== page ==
The Columbus Dispatch: Sarah Denny - April 29, 2021
We have a deep and recent history in this country of punishing children and teens in violent and tragic ways despite their age.
The youngest documented juvenile death penalty was the execution of a 12-year-old girl in Connecticut in 1786.
The U.S. Supreme Court didn’t outlaw juvenile death sentences until 2005. Our own state of Ohio abolished life in prison without parole for juvenile offenders only earlier this year.
Why are we so slow to change our ways and reform, once and for all, our juvenile justice system? As a pediatrician, I turn to science. And it makes a compelling case.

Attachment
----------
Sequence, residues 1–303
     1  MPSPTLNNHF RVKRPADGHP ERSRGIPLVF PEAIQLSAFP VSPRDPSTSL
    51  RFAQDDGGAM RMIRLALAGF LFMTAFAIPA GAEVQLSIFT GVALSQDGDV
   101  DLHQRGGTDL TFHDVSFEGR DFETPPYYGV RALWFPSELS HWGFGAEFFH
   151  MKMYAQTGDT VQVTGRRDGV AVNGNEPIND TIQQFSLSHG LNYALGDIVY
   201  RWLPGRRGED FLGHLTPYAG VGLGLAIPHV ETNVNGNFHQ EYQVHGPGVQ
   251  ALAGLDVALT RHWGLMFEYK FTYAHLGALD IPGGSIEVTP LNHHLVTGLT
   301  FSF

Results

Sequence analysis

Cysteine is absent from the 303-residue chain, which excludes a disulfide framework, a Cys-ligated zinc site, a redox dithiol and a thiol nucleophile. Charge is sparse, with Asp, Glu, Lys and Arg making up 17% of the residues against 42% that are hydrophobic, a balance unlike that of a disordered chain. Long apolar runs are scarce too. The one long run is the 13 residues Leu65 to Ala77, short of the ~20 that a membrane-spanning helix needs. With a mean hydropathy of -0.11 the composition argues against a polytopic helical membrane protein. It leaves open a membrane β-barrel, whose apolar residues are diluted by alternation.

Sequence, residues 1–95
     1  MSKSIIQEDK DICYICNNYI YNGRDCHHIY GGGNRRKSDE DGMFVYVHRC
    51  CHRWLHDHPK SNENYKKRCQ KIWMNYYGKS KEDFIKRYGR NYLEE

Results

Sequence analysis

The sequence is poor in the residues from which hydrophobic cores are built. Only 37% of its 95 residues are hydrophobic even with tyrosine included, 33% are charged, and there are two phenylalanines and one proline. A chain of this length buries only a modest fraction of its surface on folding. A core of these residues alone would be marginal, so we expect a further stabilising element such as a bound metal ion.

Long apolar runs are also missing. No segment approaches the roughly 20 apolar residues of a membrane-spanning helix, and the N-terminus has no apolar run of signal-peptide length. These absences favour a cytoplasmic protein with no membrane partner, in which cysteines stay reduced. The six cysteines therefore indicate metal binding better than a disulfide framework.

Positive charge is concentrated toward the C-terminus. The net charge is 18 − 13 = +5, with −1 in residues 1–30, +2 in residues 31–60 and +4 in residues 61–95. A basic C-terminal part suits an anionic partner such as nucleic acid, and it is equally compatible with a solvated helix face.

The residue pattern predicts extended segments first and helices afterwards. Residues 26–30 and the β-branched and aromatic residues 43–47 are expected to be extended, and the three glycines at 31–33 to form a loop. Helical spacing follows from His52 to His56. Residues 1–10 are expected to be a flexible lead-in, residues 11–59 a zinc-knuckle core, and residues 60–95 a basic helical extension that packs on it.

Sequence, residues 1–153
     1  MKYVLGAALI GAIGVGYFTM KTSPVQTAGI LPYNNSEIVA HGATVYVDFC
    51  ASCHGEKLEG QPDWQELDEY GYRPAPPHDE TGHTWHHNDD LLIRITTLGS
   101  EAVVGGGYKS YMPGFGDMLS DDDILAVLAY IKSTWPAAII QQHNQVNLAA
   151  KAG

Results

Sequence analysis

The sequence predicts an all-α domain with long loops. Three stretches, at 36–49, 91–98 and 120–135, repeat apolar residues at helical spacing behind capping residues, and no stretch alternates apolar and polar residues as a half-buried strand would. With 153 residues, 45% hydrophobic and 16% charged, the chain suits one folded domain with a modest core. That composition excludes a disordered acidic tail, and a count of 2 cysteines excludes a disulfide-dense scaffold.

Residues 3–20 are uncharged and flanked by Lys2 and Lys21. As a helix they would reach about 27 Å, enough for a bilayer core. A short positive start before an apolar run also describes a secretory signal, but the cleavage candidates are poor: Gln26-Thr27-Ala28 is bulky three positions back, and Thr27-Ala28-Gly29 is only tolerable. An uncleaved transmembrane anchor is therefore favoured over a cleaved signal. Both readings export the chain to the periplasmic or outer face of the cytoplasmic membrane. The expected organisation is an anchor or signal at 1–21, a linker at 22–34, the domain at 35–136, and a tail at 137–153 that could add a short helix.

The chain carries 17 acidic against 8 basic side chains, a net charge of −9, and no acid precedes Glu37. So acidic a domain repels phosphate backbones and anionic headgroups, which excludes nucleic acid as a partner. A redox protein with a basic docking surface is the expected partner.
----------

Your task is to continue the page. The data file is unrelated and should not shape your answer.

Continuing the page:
For example, we know from scientific research that the frontal lobe of the human brain — the hub of decision-making, impulse control and attention — does not reach full maturity until a person reaches their mid-20s.
And yet, so often, we continue to punish children, teens and young adults as if they were fully mature adults.
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